How can we understand what caused World War I? What role did Germany play? This book encourages us to re-think the events that led to global conflict in 1914.Historians in recent years have argued that German leaders acted defensively or pre-emptively in 1914, conscious of the Reich's deteriorating military and diplomatic position. Germany and the Causes of the First World War challenges such interpretations, placing new emphasis on the idea that the Reich Chancellor, the German Foreign Office and the Great General Staff were confident that they could win a continental war. This belief in Germany's superiority derived primarily from an assumption of French decline and Russian weakness throughout the period between the turn of the century and the eve of the First World War. Accordingly, Wilhelmine policy-makers pursued offensive policies - at the risk of war at important junctures during the 1900s and 1910s. The author analyses the stereotyping of enemy states, representations of war in peacetime, and conceptualizations of international relations. He uncovers the complex role of ruling elites, political parties, big business and the press, and contends that the decade before the First World War witnessed some critical changes in German foreign policy. By the time of the July crisis of 1914, for example, the perception of enemies had altered, with Russia - the traditional bugbear of the German centre and left - becoming the principal opponent of the Reich. Under these changed conditions, German leaders could now pursue their strategy of brinkmanship, using war as an instrument of policy, to its logical conclusion.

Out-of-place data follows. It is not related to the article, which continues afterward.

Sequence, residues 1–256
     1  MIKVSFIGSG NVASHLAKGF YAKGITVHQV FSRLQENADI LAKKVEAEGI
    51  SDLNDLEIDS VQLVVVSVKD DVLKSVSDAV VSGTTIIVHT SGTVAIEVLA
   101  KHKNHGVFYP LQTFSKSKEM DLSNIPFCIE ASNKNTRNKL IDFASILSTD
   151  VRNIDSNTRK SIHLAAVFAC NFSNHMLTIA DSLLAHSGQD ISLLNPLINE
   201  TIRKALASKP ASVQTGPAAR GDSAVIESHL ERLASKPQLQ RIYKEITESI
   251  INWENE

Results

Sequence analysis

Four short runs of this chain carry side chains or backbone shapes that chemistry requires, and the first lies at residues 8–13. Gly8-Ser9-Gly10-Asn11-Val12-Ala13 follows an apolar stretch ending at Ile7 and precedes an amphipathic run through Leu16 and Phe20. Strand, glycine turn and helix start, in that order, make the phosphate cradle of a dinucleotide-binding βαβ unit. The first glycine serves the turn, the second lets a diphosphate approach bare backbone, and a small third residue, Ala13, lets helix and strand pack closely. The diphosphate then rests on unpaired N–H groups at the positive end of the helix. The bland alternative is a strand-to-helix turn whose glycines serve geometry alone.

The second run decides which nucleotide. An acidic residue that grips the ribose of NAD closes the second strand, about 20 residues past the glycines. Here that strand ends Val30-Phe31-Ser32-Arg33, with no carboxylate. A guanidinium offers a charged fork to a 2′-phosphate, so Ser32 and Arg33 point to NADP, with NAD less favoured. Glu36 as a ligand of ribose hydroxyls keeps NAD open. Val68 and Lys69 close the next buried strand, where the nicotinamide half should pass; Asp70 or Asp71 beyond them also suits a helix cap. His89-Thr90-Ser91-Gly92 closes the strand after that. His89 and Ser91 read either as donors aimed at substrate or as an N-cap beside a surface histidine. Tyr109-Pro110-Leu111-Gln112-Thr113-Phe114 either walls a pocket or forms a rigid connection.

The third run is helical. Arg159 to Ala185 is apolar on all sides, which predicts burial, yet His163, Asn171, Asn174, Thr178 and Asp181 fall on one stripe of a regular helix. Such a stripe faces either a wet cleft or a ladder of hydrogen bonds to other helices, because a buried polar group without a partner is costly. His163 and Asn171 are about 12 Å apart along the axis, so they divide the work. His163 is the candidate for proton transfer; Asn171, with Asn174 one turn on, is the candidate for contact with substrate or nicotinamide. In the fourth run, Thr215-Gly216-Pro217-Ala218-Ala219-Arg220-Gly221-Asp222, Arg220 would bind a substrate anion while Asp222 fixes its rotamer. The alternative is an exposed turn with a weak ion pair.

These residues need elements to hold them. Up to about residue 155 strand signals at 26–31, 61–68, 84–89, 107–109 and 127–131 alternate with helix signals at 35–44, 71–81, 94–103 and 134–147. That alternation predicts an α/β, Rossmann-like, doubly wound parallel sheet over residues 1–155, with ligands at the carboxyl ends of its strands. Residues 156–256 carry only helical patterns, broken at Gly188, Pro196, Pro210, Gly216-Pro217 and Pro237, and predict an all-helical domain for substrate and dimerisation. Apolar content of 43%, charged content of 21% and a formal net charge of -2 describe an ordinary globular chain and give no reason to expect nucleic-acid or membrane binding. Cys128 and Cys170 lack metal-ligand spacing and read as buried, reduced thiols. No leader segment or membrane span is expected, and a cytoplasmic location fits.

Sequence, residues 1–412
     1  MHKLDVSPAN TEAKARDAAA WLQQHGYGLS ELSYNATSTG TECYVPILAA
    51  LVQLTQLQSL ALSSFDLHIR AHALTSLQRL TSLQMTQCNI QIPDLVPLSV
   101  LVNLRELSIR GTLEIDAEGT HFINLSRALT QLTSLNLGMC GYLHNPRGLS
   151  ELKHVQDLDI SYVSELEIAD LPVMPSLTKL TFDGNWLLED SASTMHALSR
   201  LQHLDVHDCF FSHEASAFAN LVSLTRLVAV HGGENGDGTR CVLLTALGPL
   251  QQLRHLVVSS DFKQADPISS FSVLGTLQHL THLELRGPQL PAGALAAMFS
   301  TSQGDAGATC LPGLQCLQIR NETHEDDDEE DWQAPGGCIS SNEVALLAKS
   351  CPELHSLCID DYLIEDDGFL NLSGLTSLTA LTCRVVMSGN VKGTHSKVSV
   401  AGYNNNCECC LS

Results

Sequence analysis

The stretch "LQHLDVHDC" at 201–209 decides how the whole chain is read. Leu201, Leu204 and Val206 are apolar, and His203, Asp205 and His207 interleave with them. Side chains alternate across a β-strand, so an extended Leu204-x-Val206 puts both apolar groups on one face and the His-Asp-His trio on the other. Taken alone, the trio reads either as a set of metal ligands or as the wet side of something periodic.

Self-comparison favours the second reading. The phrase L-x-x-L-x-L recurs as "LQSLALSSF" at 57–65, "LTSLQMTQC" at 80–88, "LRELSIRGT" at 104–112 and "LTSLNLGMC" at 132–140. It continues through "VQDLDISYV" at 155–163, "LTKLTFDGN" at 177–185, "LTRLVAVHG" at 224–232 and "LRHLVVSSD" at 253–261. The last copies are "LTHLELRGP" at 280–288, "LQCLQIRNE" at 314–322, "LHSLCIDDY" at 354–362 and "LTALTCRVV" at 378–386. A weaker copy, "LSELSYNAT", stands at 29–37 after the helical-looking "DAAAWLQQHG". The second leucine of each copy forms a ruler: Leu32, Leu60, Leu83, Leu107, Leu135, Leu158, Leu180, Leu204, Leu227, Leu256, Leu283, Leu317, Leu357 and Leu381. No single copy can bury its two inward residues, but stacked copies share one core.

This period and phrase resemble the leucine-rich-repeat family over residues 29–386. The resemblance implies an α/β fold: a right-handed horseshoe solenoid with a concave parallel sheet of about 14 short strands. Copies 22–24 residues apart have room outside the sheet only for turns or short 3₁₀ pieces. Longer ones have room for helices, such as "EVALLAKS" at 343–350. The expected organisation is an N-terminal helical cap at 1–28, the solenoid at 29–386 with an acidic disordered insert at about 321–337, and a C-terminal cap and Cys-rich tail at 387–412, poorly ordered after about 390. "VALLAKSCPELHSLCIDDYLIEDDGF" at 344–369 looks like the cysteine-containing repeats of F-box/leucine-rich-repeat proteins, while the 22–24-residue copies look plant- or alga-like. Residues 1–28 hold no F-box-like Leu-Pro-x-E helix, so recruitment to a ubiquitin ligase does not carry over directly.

Anbieter: Orell Fuessli CH
Stand: 27.09.2020
Zum Angebot